Letter to the Prime Minister, Home Secretary & Met Police Commissioner

Add your name to the our letter to the Commissioner of the Metropolitan Police, Sir Bernard Hogan-Howe, the Home Secretary, Amber Rudd and the Prime Minister, Theresa May, demanding a meeting with Seeta’s family and urging them to comply with the police and government’s obligations to investigate and prosecute honour-based violence in accordance with domestic and international law and policy.


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Sir Bernard Hogan-Howe, Commissioner of the Metropolitan Police
Amber Rudd, Home Secretary Amber Rudd
Theresa May, Prime Minister

21st November 2016

Dear Theresa May, Amber Rudd and Bernard Hogan-Howe

Re: Seeta (Saini) Kaur

We write to express our deep concern about the lack of an effective investigation by the British authorities – the Foreign and Commonwealth Office (FCO) and the Metropolitan Police Service (MPS) – into the death of Seeta (Saini) Kaur, a British National of Indian origin. Seeta died in India in March 2015 in what is believed to be an honour killing that was planned in the UK by her then British resident husband (Pawan Saini) and her in-laws.

The family is being supported and assisted by Southall Black Sisters (SBS); a long standing specialist advocacy and campaigning organisation set up to meet the needs of black and minority women subject to all forms of gender-based violence.

 Background

We set out below a brief history of Seeta’s marital history and background provided to SBS by Seeta’s family and friends.

Seeta was born and brought up in the UK. She had an arranged marriage with Pawan Saini; an Indian national who resided with her in the UK. Seeta was subjected to years of domestic violence throughout her marriage: mainly because she refused to obey her husband and in-laws who demanded that she give one of her sons to her husband’s brother and his wife in India because they were childless and wanted a male heir to preserve ancestral wealth. Following family holidays to India, Seeta’s husband and in-laws would often force her to return to the UK without her eldest son. On her return, she would plead and beg until she succeeded in being reunited with her son. However, when her youngest son was born, the pressure on her to give him to her husband’s family intensified. Seeta’s husband viewed the matter as a question of honour because he had made a promise to his brother and sister-in-law that they could adopt one of his sons. Seeta’s persistent refusals led to violence and abuse inflicted by her husband and his family; ultimately, to her death.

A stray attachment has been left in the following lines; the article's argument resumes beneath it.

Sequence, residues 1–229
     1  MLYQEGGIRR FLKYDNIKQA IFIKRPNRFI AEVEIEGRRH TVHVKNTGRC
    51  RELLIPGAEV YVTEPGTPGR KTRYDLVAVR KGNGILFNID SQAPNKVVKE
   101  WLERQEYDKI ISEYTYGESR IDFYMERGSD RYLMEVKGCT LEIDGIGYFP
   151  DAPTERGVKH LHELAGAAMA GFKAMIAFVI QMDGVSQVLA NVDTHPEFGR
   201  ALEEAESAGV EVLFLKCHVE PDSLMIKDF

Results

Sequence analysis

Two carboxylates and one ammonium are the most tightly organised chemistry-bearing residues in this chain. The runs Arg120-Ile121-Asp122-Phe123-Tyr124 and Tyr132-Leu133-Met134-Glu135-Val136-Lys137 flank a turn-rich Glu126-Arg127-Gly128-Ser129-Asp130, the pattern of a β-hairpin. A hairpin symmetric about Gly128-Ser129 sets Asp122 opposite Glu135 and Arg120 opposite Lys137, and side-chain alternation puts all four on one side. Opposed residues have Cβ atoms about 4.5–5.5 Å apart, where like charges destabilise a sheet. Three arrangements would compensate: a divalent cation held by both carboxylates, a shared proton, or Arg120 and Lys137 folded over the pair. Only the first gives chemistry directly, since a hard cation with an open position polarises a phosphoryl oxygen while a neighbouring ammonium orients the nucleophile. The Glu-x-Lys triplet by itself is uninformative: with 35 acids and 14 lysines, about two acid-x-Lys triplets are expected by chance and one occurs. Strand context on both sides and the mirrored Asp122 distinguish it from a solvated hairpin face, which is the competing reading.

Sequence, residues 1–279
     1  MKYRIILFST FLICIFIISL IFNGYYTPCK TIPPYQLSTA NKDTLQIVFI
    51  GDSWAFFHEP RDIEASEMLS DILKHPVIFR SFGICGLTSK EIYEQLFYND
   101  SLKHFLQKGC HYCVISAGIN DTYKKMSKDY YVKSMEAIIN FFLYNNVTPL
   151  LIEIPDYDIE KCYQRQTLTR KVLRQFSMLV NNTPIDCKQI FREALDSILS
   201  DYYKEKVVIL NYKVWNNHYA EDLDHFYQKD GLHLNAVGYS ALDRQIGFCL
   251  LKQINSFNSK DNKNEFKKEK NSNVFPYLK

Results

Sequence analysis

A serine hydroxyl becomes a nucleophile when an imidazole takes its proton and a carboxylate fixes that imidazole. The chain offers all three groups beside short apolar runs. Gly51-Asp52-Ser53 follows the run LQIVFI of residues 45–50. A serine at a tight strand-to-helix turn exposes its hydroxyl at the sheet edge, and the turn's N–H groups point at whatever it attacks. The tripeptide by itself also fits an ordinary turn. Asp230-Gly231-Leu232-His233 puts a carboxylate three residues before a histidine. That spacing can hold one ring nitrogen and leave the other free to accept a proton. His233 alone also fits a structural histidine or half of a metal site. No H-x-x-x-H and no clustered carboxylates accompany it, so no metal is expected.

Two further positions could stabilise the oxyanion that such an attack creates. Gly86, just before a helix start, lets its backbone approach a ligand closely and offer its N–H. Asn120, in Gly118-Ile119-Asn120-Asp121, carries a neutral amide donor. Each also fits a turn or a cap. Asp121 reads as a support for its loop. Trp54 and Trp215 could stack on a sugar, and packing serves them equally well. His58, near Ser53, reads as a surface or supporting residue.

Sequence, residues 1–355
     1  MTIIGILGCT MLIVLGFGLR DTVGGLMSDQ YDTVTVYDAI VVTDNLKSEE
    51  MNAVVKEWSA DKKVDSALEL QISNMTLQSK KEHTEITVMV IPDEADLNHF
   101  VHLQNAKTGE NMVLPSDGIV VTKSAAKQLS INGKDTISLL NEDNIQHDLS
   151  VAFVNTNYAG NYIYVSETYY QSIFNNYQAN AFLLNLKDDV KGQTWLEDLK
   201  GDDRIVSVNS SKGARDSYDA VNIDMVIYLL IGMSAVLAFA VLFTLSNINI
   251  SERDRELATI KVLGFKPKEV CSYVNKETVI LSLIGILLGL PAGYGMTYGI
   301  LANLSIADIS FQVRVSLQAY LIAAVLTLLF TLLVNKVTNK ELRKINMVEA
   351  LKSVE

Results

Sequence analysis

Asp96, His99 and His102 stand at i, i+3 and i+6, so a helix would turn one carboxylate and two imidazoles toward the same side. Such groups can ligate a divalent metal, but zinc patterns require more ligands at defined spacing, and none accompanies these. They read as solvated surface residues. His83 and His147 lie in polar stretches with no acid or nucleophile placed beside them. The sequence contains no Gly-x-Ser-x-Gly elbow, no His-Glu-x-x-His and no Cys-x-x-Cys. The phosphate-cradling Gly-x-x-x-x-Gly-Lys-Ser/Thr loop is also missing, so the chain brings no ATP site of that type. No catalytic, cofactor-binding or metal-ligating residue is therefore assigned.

In February 2015 Seeta was tricked into going to India on a family trip. She died following a heated argument between her and her husband about giving up her youngest son. Seeta’s family was told that she died of a ‘sudden heart attack’: even though she was only 33 years old; had no heart condition or associated health problems; and despite the fact that there is no official medical confirmation as to the cause of her death. Seeta’s family flew to India to recover her body. They had to force their way through a massive crowd of mourners and onlookers to see her as she lay in a coffin wrapped in thick blankets (a highly unusual practice not known in their culture and religion). After insisting that she be uncovered, they saw considerable bruising around her neck and upper chest which fuelled their suspicion that she had been murdered. Seeta’s family made clear to her husband and in-laws that they intended to take her body back to the UK, but without their knowledge, Seeta’s body was taken out of the house during the night or early hours of the morning and cremated in their absence. Understandably, Seeta’s family were deeply distressed by the turn of events because they were deprived of the opportunity to pay their respects or arrange a post-mortem to establish her cause of death.

Seeta’s family reported her death as suspicious to the local police with whom Seeta’s husband is well connected. The police failed to investigate the matter properly, revealing serious flaws in their investigation of her death. Initially, as is common amongst police practice in such cases, they tried to reconcile the families, offering the return of Seeta’s children in exchange for dropping their allegation of murder. When that didn’t work, they simply closed the case stating that her murderer is ‘untraced’. The family is now appealing that decision in India but the response makes clear that the police accept that she was unlawfully killed.

On their return to the UK, Seeta’s family sought assistance from SBS and obtained a High Court order seeking the immediate return of her children but her husband has refused to co-operate. He has frustrated all their legal attempts to have the children returned to the UK.